Plenty is being done to engage young people and keep them informed. During the pandemic lots of children and young people have been able to use technology to keep in touch with their Guardians and solicitors.It is important that young people are provided different forms of communicating. It is important that they have a medium they feel comfortable using.

It is also very important to understand that some young people struggle with working with and trusting professionals especially if they have not met them in person or have a difficulty which means they struggle with non-face to face methods. If a children’s solicitor is safely able and willing to visit a struggling young person during COVID19 they should do so (subject to any conditions which may be in place).

In some cases, the child may need to attend Court and we try and facilitate this safely with the Court. There are young people who have been attending Court remotely and key to making it easier for them to follow and engage is to speak before the hearing to them and discuss who is representing who, what the purpose of the hearing is, the rough agenda and what decisions if any the Court will be asked to make. I always ask other advocates to avoid “legal” language and remind them that there is a young person attending.

It is always important that we keep young people updated and a plan should be agreed with them as to who will update them and how.

The above is a summary of what is being done for young people to help them engage but I would recommend that all professionals working with children do take the time to engage and attend the Family Justice Young People’s Board Annual ‘Voice of the Child’ Conference. This is run by young people and provides professionals training and aims to deliver improvements to the family justice system for young people and they address in great detail the importance of communicating with young people.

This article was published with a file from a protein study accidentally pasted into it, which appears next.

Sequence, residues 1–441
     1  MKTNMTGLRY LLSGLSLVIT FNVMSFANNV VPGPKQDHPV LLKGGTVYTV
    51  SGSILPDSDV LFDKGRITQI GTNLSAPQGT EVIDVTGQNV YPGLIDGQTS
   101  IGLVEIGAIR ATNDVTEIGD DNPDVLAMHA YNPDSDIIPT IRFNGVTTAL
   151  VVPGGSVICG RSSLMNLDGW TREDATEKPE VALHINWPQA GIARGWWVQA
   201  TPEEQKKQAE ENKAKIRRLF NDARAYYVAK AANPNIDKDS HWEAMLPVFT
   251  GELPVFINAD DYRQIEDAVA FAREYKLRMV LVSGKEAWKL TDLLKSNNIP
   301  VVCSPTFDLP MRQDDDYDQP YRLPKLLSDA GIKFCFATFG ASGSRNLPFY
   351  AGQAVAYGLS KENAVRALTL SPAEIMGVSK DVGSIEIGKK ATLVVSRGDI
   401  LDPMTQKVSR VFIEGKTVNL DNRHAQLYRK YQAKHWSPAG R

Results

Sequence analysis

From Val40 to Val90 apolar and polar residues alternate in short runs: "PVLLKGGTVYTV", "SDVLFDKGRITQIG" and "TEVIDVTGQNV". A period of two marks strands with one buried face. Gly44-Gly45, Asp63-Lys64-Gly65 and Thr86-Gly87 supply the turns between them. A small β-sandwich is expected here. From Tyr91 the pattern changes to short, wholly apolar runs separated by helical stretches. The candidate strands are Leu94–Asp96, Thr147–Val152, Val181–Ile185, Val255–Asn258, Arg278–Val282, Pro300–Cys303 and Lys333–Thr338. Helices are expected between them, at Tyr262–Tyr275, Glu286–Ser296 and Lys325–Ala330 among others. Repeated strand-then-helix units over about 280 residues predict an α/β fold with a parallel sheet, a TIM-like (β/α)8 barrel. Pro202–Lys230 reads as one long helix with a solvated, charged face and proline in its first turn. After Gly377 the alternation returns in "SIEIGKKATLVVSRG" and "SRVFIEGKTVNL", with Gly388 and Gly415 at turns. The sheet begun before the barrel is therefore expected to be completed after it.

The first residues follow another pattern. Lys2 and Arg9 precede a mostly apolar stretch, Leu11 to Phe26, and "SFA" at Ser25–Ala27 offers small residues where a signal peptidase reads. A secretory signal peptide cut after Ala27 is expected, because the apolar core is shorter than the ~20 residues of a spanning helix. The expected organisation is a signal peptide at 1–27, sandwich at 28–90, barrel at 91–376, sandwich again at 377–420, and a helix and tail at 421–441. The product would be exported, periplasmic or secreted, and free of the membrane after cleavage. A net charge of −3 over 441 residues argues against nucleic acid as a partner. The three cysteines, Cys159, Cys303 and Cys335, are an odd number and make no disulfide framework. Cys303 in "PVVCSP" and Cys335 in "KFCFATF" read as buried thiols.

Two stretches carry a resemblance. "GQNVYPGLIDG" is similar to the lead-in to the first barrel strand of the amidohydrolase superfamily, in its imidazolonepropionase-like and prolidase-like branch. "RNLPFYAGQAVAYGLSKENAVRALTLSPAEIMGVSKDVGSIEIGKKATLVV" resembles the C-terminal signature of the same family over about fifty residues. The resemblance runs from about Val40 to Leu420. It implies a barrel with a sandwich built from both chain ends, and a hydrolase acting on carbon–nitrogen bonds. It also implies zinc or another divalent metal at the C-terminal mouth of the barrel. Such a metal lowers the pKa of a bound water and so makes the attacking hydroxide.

ATTIA HUSSAIN is a Children Law Specialist Solicitor-Advocate (with Higher Rights of Audience), she qualified in 2011 and has been Law Society Children Panel accredited since 2012. Attia sits on the Hertfordshire Law Society Council and the Hertfordshire Local Family Justice Board Council. She is one of the founding board members of Women in Family Law.

Question 5. Sian, what mechanisms are in place to ensure that a child’s welfare/wellbeing is being promoted once care proceedings have concluded?

There are lots of different types of orders or plans that can be put in place once care proceedings have finished to make sure that this happens. These are only some of the available options.

If the child remains in the family under a Supervision Order, the local authority have a legal duty to advice, befriend, and assist the family. This includes doing announced and unannounced visits to the family home to make sure everything is going well. Under a Supervision Order, the local authority should provided support to the family tailored towards their particular needs to support the child living within the family. This order can last up to a year initially, but can be extended up to a total of three years if needed. The child should be allocated either a social worker or a children’s practitioner to ensure these duties are met.

If the child is removed from the family and placed in long term foster care under a Care Order, then the local authority essentially becomes a ‘corporate parent’ for the child and is expected to keep them safe. There should be regular looked after child review meetings, which the parents should be invited to, along with any professionals involved in the care of the child. If the child is old enough, sometimes they come to these meetings too. Contact is discussed, as well as any big decisions that need to be made, or any concerns that need to be discussed. There will be an Independent Reviewing Officer allocated to the family who will attend the meetings, and part of their job is to oversee and scrutinise the care plan for the child.

There are also Child Protection Plans that can be put in place, if the child remains in the family. This can be set up alongside a Supervision Order to make sure the right support is being given. This is a plan that is made setting out how to keep the child safe from harm, and a chart is made up setting out what needs to be done, by whom, and by when. There would be regular review meetings to see how the plan is progressing. Normally these are attended by the allocated social worker, the parents, and any relevant professionals involved in the child’s life (i.e. school nurse, teacher, midwife etc).